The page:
The project has been headed by Boeing Missile Defense Systems in a project with the U.S. Air Force. Boeing has already taken delivery of the aircraft and plans to modify the platform for the ATL program.

Let's hear it for the Pentagon's Advanced Concept Technology Demonstration program, Boeing, and whoever else is involved. The conventional wisdom is that in asymmetrical warfare, time is on the side of the primitives. That fails to take into account, however, that for us, the pace of technological improvement is constantly accelerating, whereas for them...there are only so many ways you can boil a goat in a cave.  Thursday, February 2, 2006




Yesterday on Michael Moore's web site, Cindy Sheehan finished reciting the story of her arrest at the Capitol on Tuesday night with the lament: "I have lost my son. I have lost my First Amendment rights. I have lost the country that I love. Where did America go? I started crying in pain."

Sheehan most certainly did lose her son, which all acknowledge is a painful tragedy for any family, but her other two assertions are debatable.  Has Sheehan really lost her First Amendment rights? Does she really love her country?

Her recent trip to Venezuela to embrace the odious Hugo Chavez answers both questions - in the negative.  As Deb Saunders points out, it's a good thing Sheehan wasn't caught wearing a T-Shirt that offended El Presidente:

Free speech? Sheehan should take a look at how her buddy Chavez treats dissidents. As Jackson Diehl reported in The Washington Post last year, the Chavez-controlled legislature passed new media laws that included this choice provision: "Anyone who offends with his words or in writing or in any other way disrespects the president of the republic or whomever is fulfilling his duties will be punished with prison of six to 30 months if the offense is serious, and half of that if it is light."

Thanks to the mainstream media, Cindy Sheehan has enjoyed more free speech than all other parents in America who've lost loved ones in Iraq but still support the war and honor their children's sacrifice. By far.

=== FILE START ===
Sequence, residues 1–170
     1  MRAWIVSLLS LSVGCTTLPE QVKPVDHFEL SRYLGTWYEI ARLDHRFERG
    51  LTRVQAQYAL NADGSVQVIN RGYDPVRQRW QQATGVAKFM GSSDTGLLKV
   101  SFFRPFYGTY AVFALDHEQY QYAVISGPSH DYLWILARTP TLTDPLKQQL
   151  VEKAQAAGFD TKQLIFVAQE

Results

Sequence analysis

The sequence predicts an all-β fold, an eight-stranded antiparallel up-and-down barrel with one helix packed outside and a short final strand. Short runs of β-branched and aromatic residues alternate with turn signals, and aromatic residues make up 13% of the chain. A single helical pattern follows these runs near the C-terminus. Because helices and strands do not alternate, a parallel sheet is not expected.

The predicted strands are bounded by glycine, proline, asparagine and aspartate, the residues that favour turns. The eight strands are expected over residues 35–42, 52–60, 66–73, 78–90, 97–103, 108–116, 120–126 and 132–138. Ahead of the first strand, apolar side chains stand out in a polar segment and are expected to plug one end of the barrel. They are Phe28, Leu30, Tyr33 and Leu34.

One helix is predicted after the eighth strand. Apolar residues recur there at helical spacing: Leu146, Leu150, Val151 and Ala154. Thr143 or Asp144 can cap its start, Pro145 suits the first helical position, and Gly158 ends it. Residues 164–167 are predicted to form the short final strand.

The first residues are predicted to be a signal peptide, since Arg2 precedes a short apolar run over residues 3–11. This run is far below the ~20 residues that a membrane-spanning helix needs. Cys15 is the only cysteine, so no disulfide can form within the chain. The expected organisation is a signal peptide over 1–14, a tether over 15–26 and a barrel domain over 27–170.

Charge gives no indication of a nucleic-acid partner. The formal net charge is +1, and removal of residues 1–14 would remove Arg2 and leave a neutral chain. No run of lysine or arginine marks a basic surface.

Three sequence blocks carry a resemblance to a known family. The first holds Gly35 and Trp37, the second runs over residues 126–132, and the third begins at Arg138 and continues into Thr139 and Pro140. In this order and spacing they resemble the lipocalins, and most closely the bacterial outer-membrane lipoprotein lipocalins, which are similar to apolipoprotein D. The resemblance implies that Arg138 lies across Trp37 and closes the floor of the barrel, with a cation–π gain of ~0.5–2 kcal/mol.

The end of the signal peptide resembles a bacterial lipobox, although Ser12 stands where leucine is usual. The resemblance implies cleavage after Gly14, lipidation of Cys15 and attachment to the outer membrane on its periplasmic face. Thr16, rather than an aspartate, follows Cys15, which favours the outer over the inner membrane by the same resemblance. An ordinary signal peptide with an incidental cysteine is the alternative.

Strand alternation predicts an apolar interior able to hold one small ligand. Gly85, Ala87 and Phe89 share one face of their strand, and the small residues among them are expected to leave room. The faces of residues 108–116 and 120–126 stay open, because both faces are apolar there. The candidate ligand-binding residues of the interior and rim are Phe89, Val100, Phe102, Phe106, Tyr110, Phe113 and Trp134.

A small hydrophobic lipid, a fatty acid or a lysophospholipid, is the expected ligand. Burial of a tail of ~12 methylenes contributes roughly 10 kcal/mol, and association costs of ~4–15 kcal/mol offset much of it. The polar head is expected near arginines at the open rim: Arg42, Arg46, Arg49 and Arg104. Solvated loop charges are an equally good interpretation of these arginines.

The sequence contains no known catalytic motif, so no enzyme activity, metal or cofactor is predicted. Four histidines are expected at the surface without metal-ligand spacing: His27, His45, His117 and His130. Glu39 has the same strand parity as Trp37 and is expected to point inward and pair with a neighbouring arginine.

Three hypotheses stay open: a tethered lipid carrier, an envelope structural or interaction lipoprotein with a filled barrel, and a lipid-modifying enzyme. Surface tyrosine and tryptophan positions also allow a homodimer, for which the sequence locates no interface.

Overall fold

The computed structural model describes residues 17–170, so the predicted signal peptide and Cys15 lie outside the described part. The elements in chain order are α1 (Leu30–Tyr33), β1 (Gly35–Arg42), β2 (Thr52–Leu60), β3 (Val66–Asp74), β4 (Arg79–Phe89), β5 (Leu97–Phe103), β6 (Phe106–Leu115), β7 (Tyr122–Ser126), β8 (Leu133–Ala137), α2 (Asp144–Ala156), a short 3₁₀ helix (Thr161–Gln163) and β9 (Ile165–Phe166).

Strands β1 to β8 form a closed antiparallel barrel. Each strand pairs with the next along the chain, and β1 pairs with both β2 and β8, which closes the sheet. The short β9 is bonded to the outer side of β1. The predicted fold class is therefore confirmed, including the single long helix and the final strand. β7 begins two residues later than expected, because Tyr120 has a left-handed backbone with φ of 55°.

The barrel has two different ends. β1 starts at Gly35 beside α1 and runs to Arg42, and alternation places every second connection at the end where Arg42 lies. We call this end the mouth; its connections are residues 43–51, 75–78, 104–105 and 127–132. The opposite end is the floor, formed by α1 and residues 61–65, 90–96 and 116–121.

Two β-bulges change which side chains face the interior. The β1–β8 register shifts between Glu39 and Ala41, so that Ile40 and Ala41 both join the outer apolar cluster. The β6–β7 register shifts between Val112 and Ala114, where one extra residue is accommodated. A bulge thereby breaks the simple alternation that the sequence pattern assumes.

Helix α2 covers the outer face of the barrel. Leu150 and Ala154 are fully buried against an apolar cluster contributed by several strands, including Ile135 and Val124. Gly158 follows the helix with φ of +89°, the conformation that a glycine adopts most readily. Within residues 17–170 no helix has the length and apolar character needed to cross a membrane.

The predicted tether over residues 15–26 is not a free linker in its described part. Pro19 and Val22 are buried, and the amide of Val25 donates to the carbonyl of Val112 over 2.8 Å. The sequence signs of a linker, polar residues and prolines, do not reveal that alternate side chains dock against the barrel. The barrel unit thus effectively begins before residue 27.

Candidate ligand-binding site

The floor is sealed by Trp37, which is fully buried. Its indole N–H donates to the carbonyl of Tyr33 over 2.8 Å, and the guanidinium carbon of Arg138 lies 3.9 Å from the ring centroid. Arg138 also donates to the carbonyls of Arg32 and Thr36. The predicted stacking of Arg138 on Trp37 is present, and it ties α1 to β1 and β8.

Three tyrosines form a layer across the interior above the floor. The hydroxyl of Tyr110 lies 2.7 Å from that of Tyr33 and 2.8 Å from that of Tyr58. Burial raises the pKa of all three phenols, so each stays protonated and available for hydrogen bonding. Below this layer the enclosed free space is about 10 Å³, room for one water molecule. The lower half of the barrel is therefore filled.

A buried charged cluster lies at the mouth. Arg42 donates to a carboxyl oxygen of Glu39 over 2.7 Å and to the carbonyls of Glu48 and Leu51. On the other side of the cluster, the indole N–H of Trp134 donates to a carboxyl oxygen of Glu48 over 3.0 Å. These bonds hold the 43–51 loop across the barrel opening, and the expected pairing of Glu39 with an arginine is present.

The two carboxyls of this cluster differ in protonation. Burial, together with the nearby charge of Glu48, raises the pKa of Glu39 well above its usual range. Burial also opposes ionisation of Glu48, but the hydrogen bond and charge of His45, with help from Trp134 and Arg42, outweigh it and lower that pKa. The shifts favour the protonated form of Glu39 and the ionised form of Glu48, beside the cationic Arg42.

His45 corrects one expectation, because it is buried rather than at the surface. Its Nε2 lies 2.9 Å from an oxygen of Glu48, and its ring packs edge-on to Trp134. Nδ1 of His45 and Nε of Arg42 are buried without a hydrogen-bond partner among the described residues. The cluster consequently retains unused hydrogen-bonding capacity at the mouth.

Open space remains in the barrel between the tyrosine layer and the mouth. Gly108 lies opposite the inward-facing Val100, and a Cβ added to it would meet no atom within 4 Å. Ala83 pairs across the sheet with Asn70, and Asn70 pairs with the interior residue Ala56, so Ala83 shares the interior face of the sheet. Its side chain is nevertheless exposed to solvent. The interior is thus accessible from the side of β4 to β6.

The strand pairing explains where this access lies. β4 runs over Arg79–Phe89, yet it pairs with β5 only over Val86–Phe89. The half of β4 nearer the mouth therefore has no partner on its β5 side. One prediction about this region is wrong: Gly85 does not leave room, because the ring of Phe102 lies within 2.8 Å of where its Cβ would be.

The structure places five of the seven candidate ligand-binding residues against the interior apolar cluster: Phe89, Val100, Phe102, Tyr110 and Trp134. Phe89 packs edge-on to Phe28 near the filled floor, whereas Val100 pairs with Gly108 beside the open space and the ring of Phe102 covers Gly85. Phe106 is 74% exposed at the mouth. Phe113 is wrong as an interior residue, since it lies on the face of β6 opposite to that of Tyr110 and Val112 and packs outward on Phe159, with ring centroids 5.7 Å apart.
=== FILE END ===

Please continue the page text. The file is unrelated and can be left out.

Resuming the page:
She's lied her way into meetings with Senators only to berate them in public afterwards. Now there's a classy use of her First Amendment right. Indeed, Cindy has so vigorously exercised her right to free speech recently she's even managed to start scaring off some of her fellow moonbats. This is quite an achievement for someone who is being so viciously oppressed.  Thursday, February 2, 2006




At ArabNews, “comedian” Ray Hanania gloats over “The Power of the Muslim and Arab Worlds” to bring the West to its knees.

This week, we witnessed the power of the Islamic and Arab worlds to bring a Western nation virtually to its knees. I was amazed at that power. This is over an issue that the nation’s government had nothing to do with. All I can wonder is why the Islamic and Arab world doesn’t harness that power more effectively and change policies that directly impact our causes and our beliefs?

A newspaper in Denmark, Jyllands-Posten, published a series of cartoons that depicted the Prophet Muhammad (peace be upon him) in a derogatory and libelous manner. Few Arabs or Muslims had ever heard of the newspaper before the controversy, yet they were rightly angered.

Ironically, the cartoons were published in September 2005, more than five months ago. But this week, the issue came to a head after it surfaced in the Arab world media.